Jump to Navigation

Tips for achieving a fair property division

One of the biggest court disputes between divorcing spouses is over the sharing of marital property, which is any property acquired during the marriage. By Missouri state law, in property division, marital assets are supposed to be equitably divided between the spouses. Because partners are not always up front about their assets, an expert has disclosed a few pointers that may help divorcing spouses get a fair settlement.

Business owners resort to fraud, not only to save on taxes, but also to get better deals in the division of property. Their usual tactic is to lower the business's estimated value, and hide profits in hidden accounts or fake business expenses. For example, one man reported his official salary to be $500,000, while his actual income was $2 million. The hidden $1.5 million was spent on his personal lifestyle, including $1million on house remodeling.

Another husband said that he had a salary of $100,000, even though he was spending at least that amount annually at restaurants and nightclubs. His wife knew he was lying about his income because she had found $50,000 cash under their sofa. Other spouses hide their income in very simple ways, such as stashing income in personal brokerage accounts, rather than their business accounts.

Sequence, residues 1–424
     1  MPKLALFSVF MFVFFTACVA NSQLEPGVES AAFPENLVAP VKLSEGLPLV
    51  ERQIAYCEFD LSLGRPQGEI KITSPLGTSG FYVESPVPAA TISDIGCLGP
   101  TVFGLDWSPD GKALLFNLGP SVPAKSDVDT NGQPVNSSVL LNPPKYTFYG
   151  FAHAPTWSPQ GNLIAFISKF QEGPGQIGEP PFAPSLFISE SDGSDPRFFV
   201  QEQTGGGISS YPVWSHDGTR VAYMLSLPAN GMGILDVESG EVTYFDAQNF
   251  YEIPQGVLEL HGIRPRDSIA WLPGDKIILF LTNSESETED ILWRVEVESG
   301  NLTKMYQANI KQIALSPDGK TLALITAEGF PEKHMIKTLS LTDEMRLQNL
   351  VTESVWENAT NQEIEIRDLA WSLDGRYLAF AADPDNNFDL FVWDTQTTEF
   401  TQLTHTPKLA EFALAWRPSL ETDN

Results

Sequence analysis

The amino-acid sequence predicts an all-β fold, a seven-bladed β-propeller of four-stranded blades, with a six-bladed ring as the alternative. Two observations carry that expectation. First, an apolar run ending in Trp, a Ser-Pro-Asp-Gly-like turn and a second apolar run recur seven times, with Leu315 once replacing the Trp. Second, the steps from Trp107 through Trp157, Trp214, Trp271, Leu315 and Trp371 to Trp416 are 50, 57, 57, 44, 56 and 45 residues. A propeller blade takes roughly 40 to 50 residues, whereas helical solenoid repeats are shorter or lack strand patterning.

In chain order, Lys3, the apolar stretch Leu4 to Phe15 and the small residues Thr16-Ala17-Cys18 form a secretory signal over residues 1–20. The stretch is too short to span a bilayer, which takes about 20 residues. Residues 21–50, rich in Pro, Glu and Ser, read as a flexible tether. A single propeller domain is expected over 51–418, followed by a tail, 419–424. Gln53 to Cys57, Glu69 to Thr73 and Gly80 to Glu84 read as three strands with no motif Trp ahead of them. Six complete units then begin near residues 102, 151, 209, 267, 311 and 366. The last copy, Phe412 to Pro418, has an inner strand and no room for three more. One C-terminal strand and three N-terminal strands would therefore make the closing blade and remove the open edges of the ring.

Detecting hidden income is not as hard as it sounds. Estranged spouses may obtain the service of professionals, such as forensic accountants or private investigators, who investigate these matters and do the accounting work. Their operating principle is that people's lifestyles reveal how much money they are earning.

Finally, spouses of St. Charles, Missouri, who are having property division problems, should seek the assistance. Such a property division specialist can guide the spouses through the ensuring they receive a fair settlement.

Source: Bloomberg, "Hunting for Hidden Cash in Divorce Proceedings," Ben Steverman, June 4, 2013.

Joseph J. Porzenski
Email Us  (spam free)

Bold labels are required.

Contact Information
disclaimer.

The use of the Internet or this form for communication with the firm or any individual member of the firm does not establish an attorney-client relationship. Confidential or time-sensitive information should not be sent through this form.

close
Subscribe to RSS Feed
FindLaw Network

Privacy Policy | Business Development Solutions by FindLaw, a Thomson Reuters business.